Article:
The Hidden Curriculum: Fifth Elegy by Rainer Maria Rilke

This is the first translation made by The Hidden Curriculum, currently in its pilot form. This project will be an online audiobook library for artists, and will include essential texts translated into contemporary English. The translations will assemble a diverse set of texts that are deemed central to artistic production by individuals from different cultures, ethnicities, languages, gender identities, historical times, and geographies. 

The translations will be two fold: first by turning written texts into spoken and performed words; and second, by translating the original texts into colloquial English. This library will be a free resource for other artists, who will be able to download and listen to the texts as they work; as well as submit their own translations.

The Hidden Curriculum understands translation and language in the broadest, most creative and expansive way. Someone may translate a 19th century text into contemporary slang-–a translation across time. Someone else may argue that hacking is essential to our culture and that a formative text from that sub-culture needs to be part of the curriculum -and sing it. Or someone may translate a Korean, Spanish, or Portuguese text into colloquial English. Likewise, other contributions may translate English texts into other languages.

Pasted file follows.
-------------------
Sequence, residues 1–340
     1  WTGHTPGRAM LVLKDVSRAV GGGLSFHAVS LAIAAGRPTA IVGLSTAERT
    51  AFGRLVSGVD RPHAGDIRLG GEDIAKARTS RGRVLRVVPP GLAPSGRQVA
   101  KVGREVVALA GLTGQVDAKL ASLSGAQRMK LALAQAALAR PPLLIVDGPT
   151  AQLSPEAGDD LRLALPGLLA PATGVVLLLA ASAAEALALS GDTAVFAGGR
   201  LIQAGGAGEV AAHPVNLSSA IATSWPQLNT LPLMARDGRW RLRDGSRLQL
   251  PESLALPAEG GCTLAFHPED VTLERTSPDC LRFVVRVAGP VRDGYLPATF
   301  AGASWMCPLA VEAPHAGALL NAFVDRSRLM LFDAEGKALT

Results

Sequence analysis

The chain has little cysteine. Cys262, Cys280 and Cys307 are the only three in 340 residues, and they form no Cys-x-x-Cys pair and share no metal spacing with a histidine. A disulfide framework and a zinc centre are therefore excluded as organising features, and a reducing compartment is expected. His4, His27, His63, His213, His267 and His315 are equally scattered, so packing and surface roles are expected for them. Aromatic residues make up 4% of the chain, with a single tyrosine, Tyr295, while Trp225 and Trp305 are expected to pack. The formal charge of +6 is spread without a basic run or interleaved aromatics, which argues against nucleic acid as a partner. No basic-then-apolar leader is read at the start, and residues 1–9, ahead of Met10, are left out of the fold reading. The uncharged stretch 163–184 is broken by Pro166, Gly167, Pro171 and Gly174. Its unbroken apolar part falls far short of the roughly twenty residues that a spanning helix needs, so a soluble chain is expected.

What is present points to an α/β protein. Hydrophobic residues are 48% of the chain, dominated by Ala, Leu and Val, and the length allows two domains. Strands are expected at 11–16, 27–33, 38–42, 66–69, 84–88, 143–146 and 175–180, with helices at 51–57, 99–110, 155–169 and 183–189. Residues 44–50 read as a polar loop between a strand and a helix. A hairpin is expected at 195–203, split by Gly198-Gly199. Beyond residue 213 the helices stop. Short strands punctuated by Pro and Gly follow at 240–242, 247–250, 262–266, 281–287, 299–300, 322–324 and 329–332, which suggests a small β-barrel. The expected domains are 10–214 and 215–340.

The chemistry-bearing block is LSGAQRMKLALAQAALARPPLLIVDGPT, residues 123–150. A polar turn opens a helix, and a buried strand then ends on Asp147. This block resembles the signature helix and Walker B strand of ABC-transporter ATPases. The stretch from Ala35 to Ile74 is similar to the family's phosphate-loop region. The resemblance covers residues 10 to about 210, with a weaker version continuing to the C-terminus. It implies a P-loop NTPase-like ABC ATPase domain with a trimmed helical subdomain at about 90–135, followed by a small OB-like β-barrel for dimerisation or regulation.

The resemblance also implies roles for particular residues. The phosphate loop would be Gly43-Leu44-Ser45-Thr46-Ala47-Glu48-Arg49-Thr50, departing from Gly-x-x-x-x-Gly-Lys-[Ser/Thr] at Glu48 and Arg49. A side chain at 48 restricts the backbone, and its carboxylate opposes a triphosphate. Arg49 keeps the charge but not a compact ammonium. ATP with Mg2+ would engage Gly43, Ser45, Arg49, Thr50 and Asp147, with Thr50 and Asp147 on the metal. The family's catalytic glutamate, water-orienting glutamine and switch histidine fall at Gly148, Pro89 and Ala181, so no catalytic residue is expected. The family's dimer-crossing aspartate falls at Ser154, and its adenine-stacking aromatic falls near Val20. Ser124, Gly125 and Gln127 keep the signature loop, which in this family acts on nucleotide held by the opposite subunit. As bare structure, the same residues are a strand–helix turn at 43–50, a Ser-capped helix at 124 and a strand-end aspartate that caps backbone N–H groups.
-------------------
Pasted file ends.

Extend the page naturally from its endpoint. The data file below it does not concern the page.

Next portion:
The Hidden Curriculum project is being developed by a working group of CUNY (City University of New York) graduate students and faculty: Clara Chapin Hess, Adam Golfer, Miatta Kawinzi, Gabriela Vainsencher, Daniel Alexander Matthews, Ishai  Shapira Kalter, Paola Di Tolla, Arkadiy Ryabin, Alix Camacho, Estefania Velez, Eric Magnus, Katy McCarthy, Rebekah Smith, and Paul Ramirez Jonas.

For today’s blog we offer our very first translation. It was made by the entire group:

The poem Fifth Elegy by Rainer Maria Rilke.

The original is unfaithful to the translation.  ―Jorge Luis Borges


About the Contributors: The Hidden Curriculum is Clara Chapin Hess, Adam Golfer, Miatta Kawinzi, Gabriela Vainsencher, Daniel Alexander Matthews, Ishai  Shapira Kalter, Paola Di Tolla, Arkadiy Ryabin, Alix Camacho, Estefania Velez, Eric Magnus, Katy McCarthy, Rebekah Smith, and Paul Ramirez Jonas.

 


Brett Cook: Choosing Power through June Jordan

“Is it possible to imagine that power might be defined by presence of mind; that the more one is no longer controlled by compulsions, addictions, patterns, habits, the more power one has to act in service of wisdom and compassion? What if we said that power is internal freedom, that power is the capacity for choice?”

–  Just Power, Helen Tworkov